January 29, 2013
By Jude Webber
Eva Geller’ parents, Holocaust survivors from Germany and Austria, always taught her that two things were important in life: education and savings.
“Every penny I got from my grandparents, I put in my piggy bank. I saved all my life,” said Geller, who was born in Uruguay where her parents moved after the war. Having been advised that Argentina was a “very strong government with a very firm government” Geller not only poured her life savings into Argentine bonds, but also advised her Austrian mother, now 90, to buy them too. The rest is history.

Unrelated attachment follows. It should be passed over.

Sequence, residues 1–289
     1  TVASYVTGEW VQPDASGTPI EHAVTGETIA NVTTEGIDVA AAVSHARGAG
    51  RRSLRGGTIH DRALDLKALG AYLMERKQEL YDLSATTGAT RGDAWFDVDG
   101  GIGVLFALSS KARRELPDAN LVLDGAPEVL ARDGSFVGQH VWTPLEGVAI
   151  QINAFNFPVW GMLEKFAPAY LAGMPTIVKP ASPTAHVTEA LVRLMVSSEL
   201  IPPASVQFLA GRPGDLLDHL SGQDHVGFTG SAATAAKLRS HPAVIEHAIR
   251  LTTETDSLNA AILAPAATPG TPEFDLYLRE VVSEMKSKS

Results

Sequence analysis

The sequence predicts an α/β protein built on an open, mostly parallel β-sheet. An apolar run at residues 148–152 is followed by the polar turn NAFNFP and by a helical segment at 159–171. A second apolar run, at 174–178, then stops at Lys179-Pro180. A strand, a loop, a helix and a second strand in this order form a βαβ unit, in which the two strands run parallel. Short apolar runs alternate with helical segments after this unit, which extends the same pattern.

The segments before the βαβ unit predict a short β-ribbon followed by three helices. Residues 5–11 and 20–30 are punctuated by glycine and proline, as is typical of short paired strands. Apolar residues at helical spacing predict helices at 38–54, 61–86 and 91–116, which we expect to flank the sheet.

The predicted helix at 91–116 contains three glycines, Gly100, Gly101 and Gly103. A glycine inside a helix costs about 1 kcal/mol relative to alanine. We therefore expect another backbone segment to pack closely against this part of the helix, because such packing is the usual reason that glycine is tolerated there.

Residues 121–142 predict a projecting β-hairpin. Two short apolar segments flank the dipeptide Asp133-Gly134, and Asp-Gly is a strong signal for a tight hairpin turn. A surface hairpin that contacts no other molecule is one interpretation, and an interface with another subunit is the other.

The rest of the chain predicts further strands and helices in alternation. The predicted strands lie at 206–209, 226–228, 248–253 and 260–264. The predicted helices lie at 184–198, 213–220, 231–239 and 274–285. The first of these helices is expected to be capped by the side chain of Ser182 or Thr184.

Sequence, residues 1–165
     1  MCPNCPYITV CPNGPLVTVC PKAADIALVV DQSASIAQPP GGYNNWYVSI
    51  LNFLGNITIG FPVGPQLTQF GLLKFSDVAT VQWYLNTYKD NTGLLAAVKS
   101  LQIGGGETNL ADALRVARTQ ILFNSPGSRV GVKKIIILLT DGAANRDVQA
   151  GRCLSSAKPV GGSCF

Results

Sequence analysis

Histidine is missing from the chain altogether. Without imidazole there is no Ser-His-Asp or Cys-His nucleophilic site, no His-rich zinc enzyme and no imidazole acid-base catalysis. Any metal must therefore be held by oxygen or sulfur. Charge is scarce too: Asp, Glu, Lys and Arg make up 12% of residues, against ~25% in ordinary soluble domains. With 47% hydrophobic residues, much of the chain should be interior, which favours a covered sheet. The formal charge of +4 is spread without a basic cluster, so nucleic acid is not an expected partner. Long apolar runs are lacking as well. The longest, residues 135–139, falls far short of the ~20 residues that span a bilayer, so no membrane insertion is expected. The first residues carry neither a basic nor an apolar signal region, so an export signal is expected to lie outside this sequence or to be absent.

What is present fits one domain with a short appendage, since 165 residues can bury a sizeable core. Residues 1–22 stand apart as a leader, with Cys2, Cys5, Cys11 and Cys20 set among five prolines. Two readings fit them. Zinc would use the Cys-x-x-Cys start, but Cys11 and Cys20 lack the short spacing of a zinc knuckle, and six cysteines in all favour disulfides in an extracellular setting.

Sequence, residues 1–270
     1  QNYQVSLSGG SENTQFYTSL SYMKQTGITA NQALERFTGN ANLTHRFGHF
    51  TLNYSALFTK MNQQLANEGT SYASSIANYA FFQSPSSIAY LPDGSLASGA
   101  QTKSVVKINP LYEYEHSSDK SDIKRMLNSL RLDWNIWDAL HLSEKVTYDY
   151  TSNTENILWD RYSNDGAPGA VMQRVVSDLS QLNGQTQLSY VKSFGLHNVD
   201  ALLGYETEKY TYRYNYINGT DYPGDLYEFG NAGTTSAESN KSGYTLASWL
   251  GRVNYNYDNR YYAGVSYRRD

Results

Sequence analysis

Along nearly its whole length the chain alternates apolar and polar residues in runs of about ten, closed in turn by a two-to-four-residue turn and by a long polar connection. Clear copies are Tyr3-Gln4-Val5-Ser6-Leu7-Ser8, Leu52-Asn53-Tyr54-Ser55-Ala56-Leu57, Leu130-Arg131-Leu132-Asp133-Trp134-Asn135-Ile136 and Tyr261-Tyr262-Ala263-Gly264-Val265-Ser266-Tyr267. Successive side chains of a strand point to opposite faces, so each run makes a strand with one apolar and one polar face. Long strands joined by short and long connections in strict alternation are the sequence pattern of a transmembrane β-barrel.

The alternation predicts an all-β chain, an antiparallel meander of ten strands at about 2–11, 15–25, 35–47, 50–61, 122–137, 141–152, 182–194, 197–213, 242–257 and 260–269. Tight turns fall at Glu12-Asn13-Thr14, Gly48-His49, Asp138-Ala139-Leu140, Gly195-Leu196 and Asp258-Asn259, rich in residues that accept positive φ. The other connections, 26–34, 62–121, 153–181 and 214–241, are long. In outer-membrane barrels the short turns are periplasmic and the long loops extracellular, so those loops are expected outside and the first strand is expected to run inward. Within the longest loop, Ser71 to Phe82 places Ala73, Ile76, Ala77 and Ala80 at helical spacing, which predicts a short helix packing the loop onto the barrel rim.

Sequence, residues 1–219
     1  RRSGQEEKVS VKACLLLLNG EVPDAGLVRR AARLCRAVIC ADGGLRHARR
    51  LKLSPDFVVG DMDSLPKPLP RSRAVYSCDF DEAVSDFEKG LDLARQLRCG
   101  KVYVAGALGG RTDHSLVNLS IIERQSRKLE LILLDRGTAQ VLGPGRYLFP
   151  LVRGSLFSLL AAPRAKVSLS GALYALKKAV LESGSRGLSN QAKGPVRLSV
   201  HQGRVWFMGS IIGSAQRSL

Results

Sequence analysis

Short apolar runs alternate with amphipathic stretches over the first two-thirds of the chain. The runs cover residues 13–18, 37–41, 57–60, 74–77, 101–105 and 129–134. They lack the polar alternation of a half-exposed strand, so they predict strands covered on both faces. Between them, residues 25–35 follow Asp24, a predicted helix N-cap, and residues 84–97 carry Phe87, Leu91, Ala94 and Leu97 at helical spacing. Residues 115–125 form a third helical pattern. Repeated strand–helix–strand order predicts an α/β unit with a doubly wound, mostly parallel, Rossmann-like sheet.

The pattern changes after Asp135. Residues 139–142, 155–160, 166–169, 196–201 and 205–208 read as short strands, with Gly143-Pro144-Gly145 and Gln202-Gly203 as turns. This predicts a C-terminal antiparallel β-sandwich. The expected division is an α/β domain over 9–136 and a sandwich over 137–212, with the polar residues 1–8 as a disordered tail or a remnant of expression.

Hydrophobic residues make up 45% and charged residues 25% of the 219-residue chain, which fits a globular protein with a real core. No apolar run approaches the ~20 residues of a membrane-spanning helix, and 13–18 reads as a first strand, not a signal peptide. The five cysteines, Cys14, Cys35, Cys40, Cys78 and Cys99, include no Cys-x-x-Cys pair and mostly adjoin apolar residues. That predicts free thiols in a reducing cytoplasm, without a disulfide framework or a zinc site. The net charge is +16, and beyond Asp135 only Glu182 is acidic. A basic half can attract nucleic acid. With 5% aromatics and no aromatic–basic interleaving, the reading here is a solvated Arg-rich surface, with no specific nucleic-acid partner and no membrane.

Argentina defaulted in 2001. Geller rejected restructuring offers in 2005 and 2010 because she and her mother would probably both be dead by the time the bonds paid out, and “we never got a single cent back”.